“A reader would have understood the summary to be indicating that Mr Hockey was providing access of a privileged kind in consideration for substantial political donations and, further, that the privileged access was available only to a select group of business leaders… In my opinion, ordinary reasonable readers would have regarded that as corrupt conduct.”
Hockey’s claim in relation to a third tweet which included Nicholls’ article as it appeared online, failed.
The question for Justice White was one of reasonableness on the part of the publisher.
He found the poster and tweets were unreasonable in their suggestion and alternative wording may have been appropriate. i.e. a poster which read “Hockey: donations and access. Herald investigation”.
While His Honour accepted Nicholls’ evidence as to the legitimate public interest in the story about the source, extent and influence of political donations, he also found “inadequacies” in the journalists’ steps to give Hockey an opportunity to respond.
“The most obvious shortcoming in the questions put by Mr Nicholls to Mr Hockey is that none of the questions raised the question of payment, sale by Mr Hockey of his time, sale by Mr Hockey of access to him in return for political donations or knowledge by Mr Hockey of the payments made by individual NSF members.”
Had he been required to do so, Justice White would have failed the section 30 qualified privilege defence.
Likewise the common law (Lange) qualified privilege defence, for the same reasons.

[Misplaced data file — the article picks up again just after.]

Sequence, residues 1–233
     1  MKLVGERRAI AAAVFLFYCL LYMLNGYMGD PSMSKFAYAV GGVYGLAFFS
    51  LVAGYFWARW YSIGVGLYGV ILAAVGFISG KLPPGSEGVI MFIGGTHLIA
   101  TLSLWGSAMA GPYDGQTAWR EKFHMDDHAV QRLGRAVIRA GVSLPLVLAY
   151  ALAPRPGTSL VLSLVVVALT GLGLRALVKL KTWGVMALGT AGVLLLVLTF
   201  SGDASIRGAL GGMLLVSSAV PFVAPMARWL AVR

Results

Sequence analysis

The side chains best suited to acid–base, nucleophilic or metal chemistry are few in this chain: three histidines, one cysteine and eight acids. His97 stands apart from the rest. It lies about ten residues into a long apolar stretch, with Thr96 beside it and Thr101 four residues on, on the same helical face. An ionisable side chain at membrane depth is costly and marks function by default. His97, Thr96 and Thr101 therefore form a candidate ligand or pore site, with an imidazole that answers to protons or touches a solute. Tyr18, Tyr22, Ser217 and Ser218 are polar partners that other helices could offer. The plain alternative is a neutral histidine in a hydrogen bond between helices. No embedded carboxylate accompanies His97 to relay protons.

Justice White found that publication of the poster and tweets were predominantly motivated by an improper purpose – “personal animus towards Mr Hockey”, held by the Herald’s editor in chief, Darren Goodsir (pic).
“There is a good deal of contemporaneous evidence which indicates that he was intent on ‘getting back’ at Mr Hockey.”
He cited Goodsir being woken at 2.15am in relation to Hockey’s complaint about a previous article, having to publish a correction and an apology and his instruction to staff to “drop everything and start digging into the NSF”.
He found Goodsir “sought a headline which would be hurtful of, or damaging to, Mr Hockey”, but did not attribute malice to either The Canberra Times or The Age publications.
Describing Hockey as “a person of integrity” and the SMH poster and Age tweets as “a serious defamation”, Justice White estimated the appropriate damages at $200,000 in total – $120,000 for the poster and $80,000 for the two tweets.
“The awards cannot compensate Mr Hockey for all the hurt which he has experienced, because much of it results from publications which I have found not to be defamatory.”
His Honour is still to hear the parties on the question of an injunction, and costs.
For the applicant: Bruce McClintock SC and Sue Chrysanthou instructed by Mark OBrien and Paul Svilans of Johnson Winter & Slattery.
For the respondents: Dr Matt Collins QC and Sandy Dawson instructed By Leanne Norman and Phillip Beattie of Banki Haddock Fiora and Gail Hambly and Richard Coleman (Fairfax Media).
This post originally appeared in the Gazette of Law and Journalism, Australia’s leading online media law publication.